I love the X-Men movies, but fell behind with watching them, so am catching up now. Struggling to deal with the events of X-Men: The Last Stand, Wolverine is enticed to Japan where he encounters much fighting, a little romance and some great scenery. I think the Wolverine films aren’t as much fun as the X-Men films, and this one is less emotionally affecting than Logan, the final Wolverine film, but it was still enjoyable.
A young woman moves in with a mesmerising fellow she has just met, and is troubled by the spectre of his former girlfriend. That’s the gist of this disturbing story, which weaves in and out of time periods and narrators, and is suspenseful and moody. The characters weren’t as compelling, or well drawn, as in her later books, but it was still an enjoyable read.
A suburban primary school’s trivia night degenerates so badly that someone ends up dead; if only all school events were so exciting! This is a murder mystery with characters and a setting so familiar, suspense, humour, twists and turns. It deals with the complex issues around domestic violence and also about school politics, parenthood, marriage and friendship. It’s a thoroughly enjoyable read, definitely not just for women!
This is a British period drama, not unlike a Jane Austen or Elizabeth Gaskell. It’s based on a real life portrait of Dido Belle, a mixed-race niece of the Lord Chief Justice of England, and her blonde cousin. There is a lovely romance, but it is also about a decision the Chief Justice made in the courts, which contributed to the eventual abolition of the slave trade. It’s a great story, with lots of familiar British actors.
I did really enjoy this spell in New York in the late 1930s. Katey Kontent is a young woman trying to make her way in the city, when she and a friend fall in with banker, Tinker Grey. There’s jazz, ambition, dazzling wealth, Dickens and many surprises.
Oh dear. Margaret Atwood has imagined where the world might end up, and it isn’t pretty. The earth’s resources depleted, scientific progress over-reaching, greed and arrogance are unchecked until it goes too far. One man is left, caring for a created race of people, dodging the burning sun and dangerous spliced animals, pondering what went wrong. It’s horrific, imaginable and scarily entertaining.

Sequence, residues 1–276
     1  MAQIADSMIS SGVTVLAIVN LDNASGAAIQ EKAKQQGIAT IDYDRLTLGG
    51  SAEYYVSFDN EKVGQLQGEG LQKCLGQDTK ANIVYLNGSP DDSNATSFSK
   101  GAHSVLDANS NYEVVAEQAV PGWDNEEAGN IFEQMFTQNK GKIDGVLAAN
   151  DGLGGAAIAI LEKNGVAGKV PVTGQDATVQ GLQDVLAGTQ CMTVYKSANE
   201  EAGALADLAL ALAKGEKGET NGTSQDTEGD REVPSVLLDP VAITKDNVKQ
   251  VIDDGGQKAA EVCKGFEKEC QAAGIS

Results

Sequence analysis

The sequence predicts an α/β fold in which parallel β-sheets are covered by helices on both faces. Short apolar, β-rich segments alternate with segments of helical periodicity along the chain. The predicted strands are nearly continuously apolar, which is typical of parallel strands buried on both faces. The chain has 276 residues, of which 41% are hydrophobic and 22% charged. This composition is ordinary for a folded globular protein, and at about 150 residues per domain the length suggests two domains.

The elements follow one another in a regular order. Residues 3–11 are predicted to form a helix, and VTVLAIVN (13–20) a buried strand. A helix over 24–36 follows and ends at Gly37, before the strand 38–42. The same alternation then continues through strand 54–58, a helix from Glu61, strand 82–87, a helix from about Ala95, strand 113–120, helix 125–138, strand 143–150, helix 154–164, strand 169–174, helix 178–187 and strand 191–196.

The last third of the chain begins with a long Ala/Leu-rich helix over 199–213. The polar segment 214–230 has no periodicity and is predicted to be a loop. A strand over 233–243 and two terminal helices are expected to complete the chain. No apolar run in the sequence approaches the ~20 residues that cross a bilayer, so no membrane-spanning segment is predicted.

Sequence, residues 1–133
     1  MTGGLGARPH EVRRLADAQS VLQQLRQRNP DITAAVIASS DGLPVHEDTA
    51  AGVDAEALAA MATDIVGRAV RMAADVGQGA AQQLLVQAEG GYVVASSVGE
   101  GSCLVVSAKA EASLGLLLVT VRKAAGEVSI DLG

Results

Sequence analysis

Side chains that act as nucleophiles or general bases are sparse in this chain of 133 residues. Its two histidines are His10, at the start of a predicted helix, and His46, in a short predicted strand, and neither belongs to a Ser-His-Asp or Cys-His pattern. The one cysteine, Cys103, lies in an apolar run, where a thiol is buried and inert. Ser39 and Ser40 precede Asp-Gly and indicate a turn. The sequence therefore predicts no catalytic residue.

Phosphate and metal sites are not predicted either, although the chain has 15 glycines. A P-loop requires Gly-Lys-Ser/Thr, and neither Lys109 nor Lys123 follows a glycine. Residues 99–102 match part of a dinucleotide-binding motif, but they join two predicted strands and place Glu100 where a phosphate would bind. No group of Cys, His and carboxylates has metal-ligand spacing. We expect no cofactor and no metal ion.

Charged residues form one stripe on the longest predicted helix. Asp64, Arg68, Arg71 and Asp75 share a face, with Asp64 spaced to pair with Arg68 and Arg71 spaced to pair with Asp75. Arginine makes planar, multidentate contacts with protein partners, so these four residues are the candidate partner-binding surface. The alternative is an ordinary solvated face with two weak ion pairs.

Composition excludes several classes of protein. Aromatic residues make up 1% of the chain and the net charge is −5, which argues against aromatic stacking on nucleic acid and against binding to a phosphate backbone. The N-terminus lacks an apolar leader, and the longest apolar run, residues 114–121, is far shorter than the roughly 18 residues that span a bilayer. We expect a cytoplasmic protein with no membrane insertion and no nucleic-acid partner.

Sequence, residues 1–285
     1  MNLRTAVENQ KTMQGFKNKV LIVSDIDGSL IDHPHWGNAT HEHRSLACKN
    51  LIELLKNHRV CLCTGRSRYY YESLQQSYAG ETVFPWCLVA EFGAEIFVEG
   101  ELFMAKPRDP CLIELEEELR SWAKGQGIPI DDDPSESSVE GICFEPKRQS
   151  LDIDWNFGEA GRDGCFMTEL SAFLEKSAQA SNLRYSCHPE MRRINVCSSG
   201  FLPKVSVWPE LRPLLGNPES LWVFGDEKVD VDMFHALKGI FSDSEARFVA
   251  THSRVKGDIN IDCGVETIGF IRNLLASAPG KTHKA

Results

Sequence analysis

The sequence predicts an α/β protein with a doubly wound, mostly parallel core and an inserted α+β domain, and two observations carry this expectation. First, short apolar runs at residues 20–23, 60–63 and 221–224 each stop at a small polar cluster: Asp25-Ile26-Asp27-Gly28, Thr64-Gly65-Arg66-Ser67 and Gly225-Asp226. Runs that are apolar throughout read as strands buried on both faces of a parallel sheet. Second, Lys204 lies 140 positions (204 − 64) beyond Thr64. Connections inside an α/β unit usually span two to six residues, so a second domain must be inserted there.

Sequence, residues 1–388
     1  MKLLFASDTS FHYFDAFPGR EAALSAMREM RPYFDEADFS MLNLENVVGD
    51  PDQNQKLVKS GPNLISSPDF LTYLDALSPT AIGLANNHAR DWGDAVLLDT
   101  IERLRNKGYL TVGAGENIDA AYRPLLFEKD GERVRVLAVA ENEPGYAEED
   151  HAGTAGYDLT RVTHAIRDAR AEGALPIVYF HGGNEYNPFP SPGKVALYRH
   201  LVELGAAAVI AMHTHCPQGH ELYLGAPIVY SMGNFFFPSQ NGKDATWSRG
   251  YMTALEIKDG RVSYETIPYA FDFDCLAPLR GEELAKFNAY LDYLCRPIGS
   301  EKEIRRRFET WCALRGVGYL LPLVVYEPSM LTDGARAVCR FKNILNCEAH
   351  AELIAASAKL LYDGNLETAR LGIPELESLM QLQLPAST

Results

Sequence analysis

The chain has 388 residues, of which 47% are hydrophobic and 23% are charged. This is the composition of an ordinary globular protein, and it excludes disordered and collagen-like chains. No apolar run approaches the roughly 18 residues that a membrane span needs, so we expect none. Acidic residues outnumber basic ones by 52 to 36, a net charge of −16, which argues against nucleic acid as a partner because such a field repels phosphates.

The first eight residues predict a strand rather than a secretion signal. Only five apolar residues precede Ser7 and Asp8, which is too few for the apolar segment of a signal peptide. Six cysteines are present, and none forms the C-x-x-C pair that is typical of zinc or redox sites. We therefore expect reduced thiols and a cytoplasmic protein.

How sad I am to have run out of Jackson Brodie books, having carefully spaced them out! This is another rambling adventure with Jackson, no longer a private detective, and rather at a loose end. Not a linear read, but atmospheric, suspenseful, quietly amusing and cleverly, if not completely, resolved.
I do love novels set during WWII, and this may be my first young adult WWII story. It begins as a written confession from Queenie, who has been captured in France, and she tells the story of how she and her best friend Maddie, a pilot, ended up there. There’s a lot about being a pilot, some of what it was to be a woman in the air force, and about the French resistance. Though torture is involved, there is little gory detail, and the book is gently amusing at times, and is a great story of friendship and loyalty.
A Corner of White is a clever, quirky, funny and wildly imaginative story, set in two worlds. One is our world ( Cambridge specifically) and the other, the Kingdom of Cello. There is adventure, romance, science, poetry and gorgeous detail. I’ll be back for the next one.
I have resisted this book for some time. Jane Eyre is my absolute favourite, and I am not at all keen on it being messed with. In the end, I read enough positive reviews from lovers of the original that I tentatively picked it up. Actually, it’s a lot of fun. Reader, I murdered him. Jane Steele loves Jane Eyre, and while her life has many similarities, and the book is set not long after Jane Eyre, the story is full of twists and turns, and is not a retelling. The language was sometimes a little odd, and it was a bit modern in places, but it is fun and romantic in spirit, and I did enjoy it.